Electricians List 3 Electrical Safety Standards You May be Violating

It’s near impossible to imagine life today without the wonders of electricity. From powering everyday appliances like your refrigerator to ensuring we have enough “juice” in our mobile devices, electricity truly has helped improve our lives at home.

Unfortunately, electricity itself can present several safety hazards, especially when used incorrectly. This is why many respected electricians, such as the ones from Electrical Experts, remind homeowners to be cautious when using their electrical outlets. Many homeowners do not realize that they are violating electrical safety standards in their own homes. Some mistakes they make include:

Not Using GFCI Outlets Outdoors

If you have a beautiful outdoor living space in your home, there is a good chance that you have a few outlets located outside your house. If so, make sure that they are GFCI (Ground Faults Circuit Interrupters) outlets. These outlets are designed to protect both your home and your appliances from any electrical surges or malfunctions that may be caused by the elements. It is highly advisable that you have GFCI outlets installed in the bathrooms and kitchen as well due to the constant presence of water in these rooms.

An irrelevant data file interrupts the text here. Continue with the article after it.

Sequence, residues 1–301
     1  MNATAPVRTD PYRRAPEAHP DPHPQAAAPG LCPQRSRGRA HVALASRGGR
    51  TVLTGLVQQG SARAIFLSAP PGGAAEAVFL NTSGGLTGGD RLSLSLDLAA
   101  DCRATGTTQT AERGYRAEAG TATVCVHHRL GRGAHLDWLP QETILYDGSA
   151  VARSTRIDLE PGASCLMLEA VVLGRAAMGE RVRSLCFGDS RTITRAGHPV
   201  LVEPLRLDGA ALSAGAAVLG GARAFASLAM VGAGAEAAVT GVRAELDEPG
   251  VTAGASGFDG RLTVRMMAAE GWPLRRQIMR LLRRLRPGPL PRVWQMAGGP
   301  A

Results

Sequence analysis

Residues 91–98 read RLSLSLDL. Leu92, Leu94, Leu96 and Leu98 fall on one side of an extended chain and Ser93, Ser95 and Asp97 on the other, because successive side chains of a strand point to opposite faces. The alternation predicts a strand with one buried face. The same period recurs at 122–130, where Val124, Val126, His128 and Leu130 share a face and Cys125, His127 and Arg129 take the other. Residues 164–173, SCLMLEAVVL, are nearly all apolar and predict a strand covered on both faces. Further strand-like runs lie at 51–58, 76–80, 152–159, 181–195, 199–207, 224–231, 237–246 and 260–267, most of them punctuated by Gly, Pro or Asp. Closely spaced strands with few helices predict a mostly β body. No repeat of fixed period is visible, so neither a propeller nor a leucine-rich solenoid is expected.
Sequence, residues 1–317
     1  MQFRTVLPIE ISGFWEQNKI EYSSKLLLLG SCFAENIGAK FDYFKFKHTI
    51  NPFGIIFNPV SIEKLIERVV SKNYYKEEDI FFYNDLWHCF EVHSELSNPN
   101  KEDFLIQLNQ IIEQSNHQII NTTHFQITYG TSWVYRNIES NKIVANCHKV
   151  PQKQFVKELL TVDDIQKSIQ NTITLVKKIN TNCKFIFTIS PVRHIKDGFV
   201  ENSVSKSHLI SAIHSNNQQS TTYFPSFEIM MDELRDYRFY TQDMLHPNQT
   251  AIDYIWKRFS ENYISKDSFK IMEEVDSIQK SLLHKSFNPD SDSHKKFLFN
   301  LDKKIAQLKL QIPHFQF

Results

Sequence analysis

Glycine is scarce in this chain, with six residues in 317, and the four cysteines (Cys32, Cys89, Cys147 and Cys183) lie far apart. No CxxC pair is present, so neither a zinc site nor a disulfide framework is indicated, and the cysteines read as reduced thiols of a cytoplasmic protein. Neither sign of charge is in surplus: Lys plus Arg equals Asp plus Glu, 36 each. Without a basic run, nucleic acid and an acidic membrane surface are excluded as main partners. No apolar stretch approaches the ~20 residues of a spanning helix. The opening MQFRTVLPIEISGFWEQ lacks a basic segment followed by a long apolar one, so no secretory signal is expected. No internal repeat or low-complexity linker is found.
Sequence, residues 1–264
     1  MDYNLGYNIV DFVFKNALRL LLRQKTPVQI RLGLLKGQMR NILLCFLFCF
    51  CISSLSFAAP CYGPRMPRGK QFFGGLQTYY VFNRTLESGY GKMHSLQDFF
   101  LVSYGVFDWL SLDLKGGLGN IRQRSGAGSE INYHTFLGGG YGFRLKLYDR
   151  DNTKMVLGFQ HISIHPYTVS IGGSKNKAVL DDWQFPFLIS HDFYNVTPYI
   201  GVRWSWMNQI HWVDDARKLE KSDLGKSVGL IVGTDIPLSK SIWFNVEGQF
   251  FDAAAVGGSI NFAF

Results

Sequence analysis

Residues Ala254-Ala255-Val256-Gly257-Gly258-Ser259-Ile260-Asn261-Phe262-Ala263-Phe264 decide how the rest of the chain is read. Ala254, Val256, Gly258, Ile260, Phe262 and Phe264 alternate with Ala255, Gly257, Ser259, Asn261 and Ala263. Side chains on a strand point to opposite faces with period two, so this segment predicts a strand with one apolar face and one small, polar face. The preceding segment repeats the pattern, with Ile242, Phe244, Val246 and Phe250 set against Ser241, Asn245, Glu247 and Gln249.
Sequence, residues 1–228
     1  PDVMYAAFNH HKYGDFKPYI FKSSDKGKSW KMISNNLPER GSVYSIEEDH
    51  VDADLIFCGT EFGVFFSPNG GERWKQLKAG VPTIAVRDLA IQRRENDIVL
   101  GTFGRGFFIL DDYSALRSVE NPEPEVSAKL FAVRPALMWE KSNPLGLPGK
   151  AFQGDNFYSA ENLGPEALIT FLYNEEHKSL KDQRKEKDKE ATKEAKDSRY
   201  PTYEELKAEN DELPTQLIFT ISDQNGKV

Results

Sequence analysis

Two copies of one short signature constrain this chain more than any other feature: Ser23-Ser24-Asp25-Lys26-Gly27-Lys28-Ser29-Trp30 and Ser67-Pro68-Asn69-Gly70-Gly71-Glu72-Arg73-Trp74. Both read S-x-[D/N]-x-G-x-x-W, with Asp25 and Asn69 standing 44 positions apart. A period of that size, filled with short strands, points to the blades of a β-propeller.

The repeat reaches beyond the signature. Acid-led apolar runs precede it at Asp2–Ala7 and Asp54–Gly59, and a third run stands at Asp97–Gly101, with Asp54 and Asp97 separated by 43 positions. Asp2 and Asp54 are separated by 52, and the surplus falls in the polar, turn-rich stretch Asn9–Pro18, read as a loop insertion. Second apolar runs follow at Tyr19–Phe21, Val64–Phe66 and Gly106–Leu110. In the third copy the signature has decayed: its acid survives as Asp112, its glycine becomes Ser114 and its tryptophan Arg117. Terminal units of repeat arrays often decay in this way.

Having Ungrounded Three-Prong Outlets

The third prong on an outlet is what is known as ‘the ground’, which provides an electric current an alternate path should things go awry. This is an important safety feature as it helps minimize the risks of electric shocks. Similarly, the presence of the third prong helps surge protectors protect your appliances and electronics.

Wiring is Too Close to Wooden Frames

At the very least, in-wall wiring should be 1 ¼ inches away from wooden frames. This is to prevent any drywall screws or long trim nails from hitting the insulation of the wiring and causing short-circuits. If this is not possible for any reason, you may want to ask an electrician to protect your wiring with nail plates.

Sources:

Electrical Safety at Home, esasafe.com

9 Common Wiring Mistakes and Code Violations, finehomebuilding.com